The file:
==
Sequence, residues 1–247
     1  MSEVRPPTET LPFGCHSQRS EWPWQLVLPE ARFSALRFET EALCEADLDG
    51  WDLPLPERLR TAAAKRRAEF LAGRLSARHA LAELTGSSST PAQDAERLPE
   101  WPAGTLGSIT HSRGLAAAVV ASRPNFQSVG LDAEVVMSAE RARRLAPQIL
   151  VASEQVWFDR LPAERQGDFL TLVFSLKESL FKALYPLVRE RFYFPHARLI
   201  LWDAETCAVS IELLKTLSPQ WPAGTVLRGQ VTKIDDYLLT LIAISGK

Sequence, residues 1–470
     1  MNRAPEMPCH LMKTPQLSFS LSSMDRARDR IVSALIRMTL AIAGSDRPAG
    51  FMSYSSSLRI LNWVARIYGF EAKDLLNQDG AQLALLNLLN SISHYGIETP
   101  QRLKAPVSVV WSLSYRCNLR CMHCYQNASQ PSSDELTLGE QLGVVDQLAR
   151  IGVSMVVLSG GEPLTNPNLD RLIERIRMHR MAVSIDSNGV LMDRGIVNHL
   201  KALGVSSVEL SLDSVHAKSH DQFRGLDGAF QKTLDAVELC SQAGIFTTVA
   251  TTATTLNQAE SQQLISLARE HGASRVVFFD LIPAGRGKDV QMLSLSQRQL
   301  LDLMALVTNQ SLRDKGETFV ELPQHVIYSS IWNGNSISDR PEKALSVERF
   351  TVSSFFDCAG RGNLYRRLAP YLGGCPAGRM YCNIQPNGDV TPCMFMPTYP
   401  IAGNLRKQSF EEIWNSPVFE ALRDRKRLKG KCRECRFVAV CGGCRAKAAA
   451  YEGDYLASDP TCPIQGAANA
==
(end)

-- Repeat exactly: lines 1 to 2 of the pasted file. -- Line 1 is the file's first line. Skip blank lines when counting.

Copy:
Sequence, residues 1–247
     1  MSEVRPPTET LPFGCHSQRS EWPWQLVLPE ARFSALRFET EALCEADLDG